The gynecologic oncology research ranged from clinical trial inequities in endometrial cancer to vulvar and vaginal melanomas.
By Carol McPhail
Research conducted at the USA Health Mitchell Cancer Institute was recently presented during the Society of Gynecologic Oncology’s Virtual Annual Meeting on Women’s Cancer.
Nathaniel Jones, M.D., a gynecologic oncologist and assistant professor of gynecologic oncology at the University of South Alabama College of Medicine, gave a presentation on eliminating racial disparities in clinical trial enrollment for women with endometrial cancer.
Jones followed 1,021 patients with endometrial cancer, all of whom were assigned a lay navigator and received education about clinical trials. He sought to determine whether those specific interventions increased clinical trial enrollment among Black women, who historically have enrolled at a significantly lower rate than white women.
Jones observed a higher-than-expected enrollment for Black patients following the interventions – 1.15-fold higher based on regional data. “We found that clinical trial inequities can be overcome in the Deep South with specific interventions aimed at improving care for Black women,” he said.
Although Black patients usually have a worse prognosis compared with white patients with endometrial cancer, Jones found that Black and white endometrial cancer patients enrolled in a clinical trial achieved a similar progression-free survival. Progression-free survival refers to the length of time during and after treatment during which a patient lives with the disease and it does not progress.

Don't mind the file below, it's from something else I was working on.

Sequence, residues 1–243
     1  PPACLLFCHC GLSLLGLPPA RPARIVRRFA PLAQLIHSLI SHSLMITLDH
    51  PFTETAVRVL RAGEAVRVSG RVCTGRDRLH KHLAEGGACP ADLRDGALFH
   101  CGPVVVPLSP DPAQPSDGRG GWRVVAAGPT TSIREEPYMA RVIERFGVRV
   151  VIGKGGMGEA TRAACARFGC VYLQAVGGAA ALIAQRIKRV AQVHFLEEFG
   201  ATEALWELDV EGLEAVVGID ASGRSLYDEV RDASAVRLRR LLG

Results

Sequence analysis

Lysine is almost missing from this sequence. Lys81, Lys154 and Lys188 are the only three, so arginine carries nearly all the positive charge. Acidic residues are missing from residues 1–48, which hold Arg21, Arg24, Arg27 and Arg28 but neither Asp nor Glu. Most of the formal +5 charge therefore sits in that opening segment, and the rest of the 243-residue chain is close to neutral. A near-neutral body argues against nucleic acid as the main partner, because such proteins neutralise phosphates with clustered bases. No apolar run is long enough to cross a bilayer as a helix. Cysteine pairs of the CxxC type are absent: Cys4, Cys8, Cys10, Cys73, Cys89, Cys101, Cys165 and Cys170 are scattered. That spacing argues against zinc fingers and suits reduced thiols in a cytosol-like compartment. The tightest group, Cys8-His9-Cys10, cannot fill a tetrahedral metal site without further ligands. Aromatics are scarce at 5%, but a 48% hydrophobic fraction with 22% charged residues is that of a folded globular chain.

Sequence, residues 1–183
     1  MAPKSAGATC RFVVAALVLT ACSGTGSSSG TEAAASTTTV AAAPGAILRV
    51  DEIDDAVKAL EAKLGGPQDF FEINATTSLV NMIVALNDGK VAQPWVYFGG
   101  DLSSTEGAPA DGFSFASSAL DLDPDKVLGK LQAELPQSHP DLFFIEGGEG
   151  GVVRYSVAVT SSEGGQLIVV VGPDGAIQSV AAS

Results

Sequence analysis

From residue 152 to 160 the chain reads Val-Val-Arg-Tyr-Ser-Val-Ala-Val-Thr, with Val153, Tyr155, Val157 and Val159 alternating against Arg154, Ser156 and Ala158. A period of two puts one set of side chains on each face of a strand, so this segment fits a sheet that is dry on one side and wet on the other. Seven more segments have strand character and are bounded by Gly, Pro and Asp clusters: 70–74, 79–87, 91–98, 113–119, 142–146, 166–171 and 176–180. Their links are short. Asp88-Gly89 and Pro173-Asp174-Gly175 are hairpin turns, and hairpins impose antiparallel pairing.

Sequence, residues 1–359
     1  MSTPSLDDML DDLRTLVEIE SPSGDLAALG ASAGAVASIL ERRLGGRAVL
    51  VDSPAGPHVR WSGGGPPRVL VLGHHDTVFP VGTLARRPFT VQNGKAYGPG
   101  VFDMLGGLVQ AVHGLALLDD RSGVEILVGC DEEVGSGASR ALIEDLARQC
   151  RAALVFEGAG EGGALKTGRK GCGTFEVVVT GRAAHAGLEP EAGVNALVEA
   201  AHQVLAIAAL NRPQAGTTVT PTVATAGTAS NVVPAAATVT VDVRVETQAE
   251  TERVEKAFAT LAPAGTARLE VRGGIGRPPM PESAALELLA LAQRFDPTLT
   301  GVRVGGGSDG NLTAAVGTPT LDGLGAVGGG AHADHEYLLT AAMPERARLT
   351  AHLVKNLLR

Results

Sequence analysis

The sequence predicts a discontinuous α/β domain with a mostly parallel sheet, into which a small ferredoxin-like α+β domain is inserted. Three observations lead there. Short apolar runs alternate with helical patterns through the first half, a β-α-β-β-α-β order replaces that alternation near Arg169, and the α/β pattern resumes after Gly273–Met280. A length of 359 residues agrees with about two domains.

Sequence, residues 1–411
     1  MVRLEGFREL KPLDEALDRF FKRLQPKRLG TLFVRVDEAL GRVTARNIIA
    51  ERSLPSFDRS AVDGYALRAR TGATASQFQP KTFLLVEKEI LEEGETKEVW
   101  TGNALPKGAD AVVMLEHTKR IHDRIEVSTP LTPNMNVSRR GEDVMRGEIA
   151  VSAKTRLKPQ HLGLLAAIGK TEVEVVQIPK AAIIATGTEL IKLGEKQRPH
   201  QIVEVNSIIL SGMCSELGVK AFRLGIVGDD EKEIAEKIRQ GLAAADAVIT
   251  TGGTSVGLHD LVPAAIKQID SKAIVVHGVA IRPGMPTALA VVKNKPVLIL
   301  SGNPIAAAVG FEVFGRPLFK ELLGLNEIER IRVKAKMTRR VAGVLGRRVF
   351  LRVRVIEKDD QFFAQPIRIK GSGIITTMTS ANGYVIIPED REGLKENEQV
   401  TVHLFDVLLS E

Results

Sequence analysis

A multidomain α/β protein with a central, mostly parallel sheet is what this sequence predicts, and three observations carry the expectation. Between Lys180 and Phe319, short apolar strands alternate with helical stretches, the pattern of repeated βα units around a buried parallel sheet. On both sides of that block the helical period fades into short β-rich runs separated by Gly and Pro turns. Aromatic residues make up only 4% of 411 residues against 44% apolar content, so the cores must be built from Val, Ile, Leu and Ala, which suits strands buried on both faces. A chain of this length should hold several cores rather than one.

Meanwhile, Annelise Wilhite, M.D., presented research on vulvar and vaginal melanomas as distinct tumor types compared with cutaneous melanomas.
Wilhite, who soon will begin a gynecologic oncology fellowship at USA Health, investigated the molecular profiles of vulvovaginal melanomas (VVMs) and their response to immune-oncology therapies compared with that of cutaneous melanomas (CMs).
Tumor samples were analyzed using next-generation sequencing in collaboration with Caris Life Sciences and the Precision Oncology Alliance. “We found that VVMs have a distinct molecular profile, and notably they are not as immunogenic as CMs,” she said.
The research also showed that VVM patients had a significantly shorter survival than CM patients when treated with immune-oncology therapies. “These therapies are front-line in melanoma treatment, but our findings suggest that they are not very effective in this subtype,” Wilhite said. “The research tells us that new therapeutic strategies are needed.”
In addition, researchers at the Mitchell Cancer Institute contributed to three poster presentations at the SGO meeting in March: “Exploring the role of PDE10 in ovarian cancer in the egg-laying hen using RNA sequencing,” “The novel NSAID-derivative, MCI-030, prevents ovarian cancer in the egg-laying hen by increasing tumor cell apoptosis and decreasing oncogenic signaling pathways,” and “Factors influencing molecular tumor profiling in uterine cancer: overcoming health disparities in the Deep South.”
The SGO has 2,000 members representing the entire gynecologic oncology team in the United States and abroad.